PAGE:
A Swiss company is producing yoghurt, cheese and even fondue made of cashews. Our reporter Sara Ibrahim, on her quest to become vegan, tried them out. Will they become a staple for a healthy and environmentally-friendly diet?This content was published on July 12, 2022 - 09:00
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The thought of dairy’s impact on the planet has haunted me for some time. Unlike meat, I have not managed to completely eliminate dairy products in my new semi-vegan diet. It’s true that dairy cows and their waste contribute to climate change and water pollution. Cow burps are responsible for 56% of the greenhouse gas emissionsExternal link from Swiss agriculture. The cows also feed the meat industry; as soon as their milk production drops, they are sent to slaughter. But how could I eat pizza without mozzarella?
Of course, there is no shortage of alternatives today: plant-based substitutes account for 17% of Swiss milk sales, even though they only achieve a market share of 3.3% (or CHF 119 million [$122 million]) of total dairy sales, including yoghurt and cheese. Nevertheless, the Swiss market for plant-based dairy is among the fastest growing in Europe, after Germany and Spain.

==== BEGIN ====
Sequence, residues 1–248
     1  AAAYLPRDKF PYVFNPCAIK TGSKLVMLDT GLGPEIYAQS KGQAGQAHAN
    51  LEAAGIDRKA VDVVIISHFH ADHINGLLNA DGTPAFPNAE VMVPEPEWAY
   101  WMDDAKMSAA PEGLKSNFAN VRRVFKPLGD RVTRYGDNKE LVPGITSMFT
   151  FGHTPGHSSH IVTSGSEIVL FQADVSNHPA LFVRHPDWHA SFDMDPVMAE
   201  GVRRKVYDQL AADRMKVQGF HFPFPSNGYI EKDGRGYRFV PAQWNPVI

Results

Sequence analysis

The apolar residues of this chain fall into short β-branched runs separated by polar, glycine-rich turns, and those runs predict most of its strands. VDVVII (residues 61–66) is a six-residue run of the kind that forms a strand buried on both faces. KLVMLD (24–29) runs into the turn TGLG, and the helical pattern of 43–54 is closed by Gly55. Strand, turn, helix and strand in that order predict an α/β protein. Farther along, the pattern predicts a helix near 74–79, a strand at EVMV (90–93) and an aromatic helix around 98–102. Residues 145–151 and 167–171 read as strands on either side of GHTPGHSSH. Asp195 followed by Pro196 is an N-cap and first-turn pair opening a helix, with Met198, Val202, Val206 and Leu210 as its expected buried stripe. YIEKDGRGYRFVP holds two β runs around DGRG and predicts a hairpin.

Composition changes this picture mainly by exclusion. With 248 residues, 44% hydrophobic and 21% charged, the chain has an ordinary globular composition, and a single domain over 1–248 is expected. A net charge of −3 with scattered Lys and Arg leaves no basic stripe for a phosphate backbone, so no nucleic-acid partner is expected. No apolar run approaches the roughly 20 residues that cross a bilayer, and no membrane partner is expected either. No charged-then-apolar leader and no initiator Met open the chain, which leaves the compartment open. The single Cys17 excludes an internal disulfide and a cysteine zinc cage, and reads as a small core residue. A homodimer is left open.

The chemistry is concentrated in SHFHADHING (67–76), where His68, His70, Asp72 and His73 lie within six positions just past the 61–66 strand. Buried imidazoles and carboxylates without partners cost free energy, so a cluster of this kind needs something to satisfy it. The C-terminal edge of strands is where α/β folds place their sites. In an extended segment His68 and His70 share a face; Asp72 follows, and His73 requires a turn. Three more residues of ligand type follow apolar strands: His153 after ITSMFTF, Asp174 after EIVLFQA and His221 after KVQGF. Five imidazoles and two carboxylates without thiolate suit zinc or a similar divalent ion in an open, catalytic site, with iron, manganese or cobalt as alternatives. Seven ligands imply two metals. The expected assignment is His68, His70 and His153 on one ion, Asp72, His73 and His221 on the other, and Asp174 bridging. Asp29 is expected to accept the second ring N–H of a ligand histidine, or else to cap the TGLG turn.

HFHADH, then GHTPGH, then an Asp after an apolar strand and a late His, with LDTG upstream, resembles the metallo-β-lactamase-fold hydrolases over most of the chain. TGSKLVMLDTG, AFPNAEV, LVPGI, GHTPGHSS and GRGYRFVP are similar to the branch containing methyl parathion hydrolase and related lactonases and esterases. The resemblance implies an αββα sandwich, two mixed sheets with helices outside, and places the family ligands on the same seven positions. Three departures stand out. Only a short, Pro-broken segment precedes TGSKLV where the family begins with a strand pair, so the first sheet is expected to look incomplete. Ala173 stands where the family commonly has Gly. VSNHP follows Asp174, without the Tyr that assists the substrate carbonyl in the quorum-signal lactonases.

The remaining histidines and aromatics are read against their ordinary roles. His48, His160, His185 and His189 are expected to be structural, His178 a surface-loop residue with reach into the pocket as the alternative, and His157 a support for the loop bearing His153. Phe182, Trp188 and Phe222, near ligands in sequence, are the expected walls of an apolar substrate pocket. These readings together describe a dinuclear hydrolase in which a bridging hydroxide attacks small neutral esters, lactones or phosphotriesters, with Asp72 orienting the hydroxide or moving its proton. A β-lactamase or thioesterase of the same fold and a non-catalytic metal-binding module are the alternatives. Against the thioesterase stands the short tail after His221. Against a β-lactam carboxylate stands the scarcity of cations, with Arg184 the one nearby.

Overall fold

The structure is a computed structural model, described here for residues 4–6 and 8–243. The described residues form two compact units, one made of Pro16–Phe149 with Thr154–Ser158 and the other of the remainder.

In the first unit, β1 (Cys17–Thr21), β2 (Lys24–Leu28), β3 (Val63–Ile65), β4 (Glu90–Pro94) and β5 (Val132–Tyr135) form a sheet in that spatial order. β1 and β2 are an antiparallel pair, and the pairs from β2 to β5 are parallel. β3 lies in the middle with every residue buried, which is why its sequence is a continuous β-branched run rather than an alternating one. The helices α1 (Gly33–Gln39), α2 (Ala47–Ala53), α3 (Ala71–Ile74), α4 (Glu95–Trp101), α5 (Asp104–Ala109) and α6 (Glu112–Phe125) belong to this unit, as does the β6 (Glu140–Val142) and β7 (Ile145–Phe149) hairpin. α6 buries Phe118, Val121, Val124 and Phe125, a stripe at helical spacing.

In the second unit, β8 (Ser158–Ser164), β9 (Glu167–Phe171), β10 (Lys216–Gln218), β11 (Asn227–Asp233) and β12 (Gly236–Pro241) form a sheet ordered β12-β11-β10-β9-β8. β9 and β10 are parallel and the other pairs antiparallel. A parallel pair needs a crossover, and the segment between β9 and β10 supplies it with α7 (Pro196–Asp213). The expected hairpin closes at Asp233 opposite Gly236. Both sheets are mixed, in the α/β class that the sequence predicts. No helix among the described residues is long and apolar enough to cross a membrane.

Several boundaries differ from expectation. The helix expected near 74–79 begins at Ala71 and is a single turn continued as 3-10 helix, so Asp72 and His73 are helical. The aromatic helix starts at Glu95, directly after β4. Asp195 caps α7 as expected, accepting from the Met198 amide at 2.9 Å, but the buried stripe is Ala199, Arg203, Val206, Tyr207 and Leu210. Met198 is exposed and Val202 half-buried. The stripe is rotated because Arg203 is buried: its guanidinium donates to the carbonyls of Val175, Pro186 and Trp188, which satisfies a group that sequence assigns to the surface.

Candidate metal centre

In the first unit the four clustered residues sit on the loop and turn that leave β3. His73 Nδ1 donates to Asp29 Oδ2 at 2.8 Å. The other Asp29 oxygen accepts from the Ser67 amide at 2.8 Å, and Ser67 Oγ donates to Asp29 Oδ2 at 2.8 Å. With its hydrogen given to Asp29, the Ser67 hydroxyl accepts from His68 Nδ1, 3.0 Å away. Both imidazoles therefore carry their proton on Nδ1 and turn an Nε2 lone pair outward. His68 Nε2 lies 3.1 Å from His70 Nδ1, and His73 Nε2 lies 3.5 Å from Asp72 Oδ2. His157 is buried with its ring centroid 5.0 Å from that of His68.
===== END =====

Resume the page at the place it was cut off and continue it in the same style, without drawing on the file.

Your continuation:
Swiss love dairy products
Dairy products remain an important part of the Swiss diet. The population gets as much as 19.3%External link of its daily protein from foods such as milk, yoghurt and especially cheese. In 2020, each Swiss resident consumed more than 238 kilograms of dairy products – compared to 126 kg in France, the home of cheese par excellence.End of insertion
I don’t want to create any illusions: plant-based cheeses definitely taste different to conventional ones. I once ate a vegan pecorino made with potato starch and chickpeas. To say I found the taste disgusting is an understatement, not to mention the smell. But some experiences have left me pleasantly surprised. In many Swiss organic supermarkets, you can find spreadable cheese that is not only delicious and cruelty-free but full of healthy soy protein. There are also tasty cheeses and yoghurts made of coconut or almonds. .
Alternative tastes in my backyard
Cashew nut-based products have been available in Switzerland for a few years now. I discovered them during my wanderings through the shops, looking for different flavours that would bring some variety to my diet. I started with yoghurt and then moved on to “brie”, “goat cheese” and even “fondue”. The appearance and texture are amazingly similar to the dairy products they seek to imitate.
After a brief internet search, I realised that the company behind many of these products was just a few kilometres from my home. New RootsExternal link is located in the middle of the Emmental, the region where the famous cheese with holes comes from. At first, it seemed that a group of vegan activists were deliberately challenging the cheese industry.